Previously, I reported on the results of the docking challenge, held at the 241st ACS in Anaheim, CA. To recap, the competition was split into two tasks. The first was to demonstrate the ability of a docking engine to reproduce crystallographic coordinates of ligands bound into 85 proteins (ASTEX diverse data set, Hartshorn, et al. 2007) and the second was a virtual screening challenge, including a negative set of decoy compounds (taken from the DUD data set, Huang et al. 2006). Each participant group presented their findings and a joint paper is planned for a special issue of the Journal of Computer-Aided Molecular Design.
In my last blog, I mentioned the variation in docking performance was closely tied to the efforts put into protein preparation and suggested that “Proper Protein Preparation Prevents Poor Performance” (or the 6P’s rule of docking as I now like to call it). I also indicated that I’d talk about the second part of the docking challenge in a follow up blog. Here it is:
In the second part of the challenge, participants were asked to report on the performance of their docking engines in a series of virtual screening studies. Actives and decoy inactives were supplied (taken from the DUD data set (Huang et al. 2006)) for a set of 40 proteins. For each screen, results were reported as a fraction of area under the curve of Receiver Operating Characteristics (ROC) plots. Overall results were then calculated as an average of all values.
As with the previous pose prediction task, teams reported that protein preparation influenced screening performance. Indeed, with appropriate preparation, many participants could demonstrate improved discrimination performance between actives and decoys. However, this isn’t what interested me the most. What was really interesting was a set of results presented by the Accelrys R&D team, comparing their screening results with the docking tools to results obtained from receptor-based pharmacophore models. This was very appealing!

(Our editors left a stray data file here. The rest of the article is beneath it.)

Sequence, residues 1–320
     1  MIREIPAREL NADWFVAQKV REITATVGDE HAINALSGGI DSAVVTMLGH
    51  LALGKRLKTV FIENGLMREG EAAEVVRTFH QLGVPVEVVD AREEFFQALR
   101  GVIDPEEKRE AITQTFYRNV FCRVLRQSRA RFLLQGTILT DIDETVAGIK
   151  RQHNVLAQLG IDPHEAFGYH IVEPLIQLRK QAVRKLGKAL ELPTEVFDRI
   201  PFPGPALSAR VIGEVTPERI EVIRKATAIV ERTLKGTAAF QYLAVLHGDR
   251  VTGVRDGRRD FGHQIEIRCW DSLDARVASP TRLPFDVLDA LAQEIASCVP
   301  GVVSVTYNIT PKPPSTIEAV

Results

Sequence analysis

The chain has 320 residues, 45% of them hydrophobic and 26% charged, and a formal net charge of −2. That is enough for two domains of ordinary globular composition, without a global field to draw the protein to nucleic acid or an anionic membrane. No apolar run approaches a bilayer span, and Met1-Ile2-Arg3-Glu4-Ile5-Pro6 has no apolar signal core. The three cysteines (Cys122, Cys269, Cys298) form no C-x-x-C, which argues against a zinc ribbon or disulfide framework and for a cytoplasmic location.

On one level, it was certainly fascinating to see the comparative performance of the relatively faster and computationally less sophisticated pharmacophore representation next to the docking-based methods. However, this wasn’t the exciting bit. Instead, it was the concept that I could make use of both methods together. Surely if you have enough data points to hand, to be able to conduct studies with either method, then why not use both together? Since both would be working from the same protein structure starting point, then any compound identified by both approaches should be worth considering further! I.e., a consensus ranking from multiple methods should give more reliable rankings, and potentially be less susceptible to erroneous false positives from any single method.
The other advantage of combining two or more methods together, into a consensus approach, is that compounds unique to any one method could provide additional useful insight, both into the choice of models and of the computational methods used. For example, you do not need to explicitly define all of the required binding site features a-priori with docking methods. Thus, novel hits from docking could reveal useful information about binding site features, or indeed identify novel compounds that would not necessarily match the feature rules used to represent a pharmacophore definition. In comparison, pharmacophore models offer a much simpler representation of the features required for ligand binding. Consequently, they can prove to be very adept at finding novel scaffolds, which might otherwise rank poorly via the scoring functions used in docking methods. For example, docking methods are well known to be highly sensitive to both side-chain and loop conformations in protein models. Thus, a simpler representation of the key features required for binding can avoid undue penalization elicited by the available choice of protein conformers.